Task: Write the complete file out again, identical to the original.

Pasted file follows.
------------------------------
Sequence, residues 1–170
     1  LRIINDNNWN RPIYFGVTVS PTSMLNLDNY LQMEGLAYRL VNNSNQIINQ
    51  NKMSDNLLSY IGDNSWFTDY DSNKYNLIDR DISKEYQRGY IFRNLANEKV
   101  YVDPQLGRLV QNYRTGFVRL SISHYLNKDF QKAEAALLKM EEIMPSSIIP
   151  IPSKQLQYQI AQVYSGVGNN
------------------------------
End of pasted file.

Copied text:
Sequence, residues 1–170
     1  LRIINDNNWN RPIYFGVTVS PTSMLNLDNY LQMEGLAYRL VNNSNQIINQ
    51  NKMSDNLLSY IGDNSWFTDY DSNKYNLIDR DISKEYQRGY IFRNLANEKV
   101  YVDPQLGRLV QNYRTGFVRL SISHYLNKDF QKAEAALLKM EEIMPSSIIP
   151  IPSKQLQYQI AQVYSGVGNN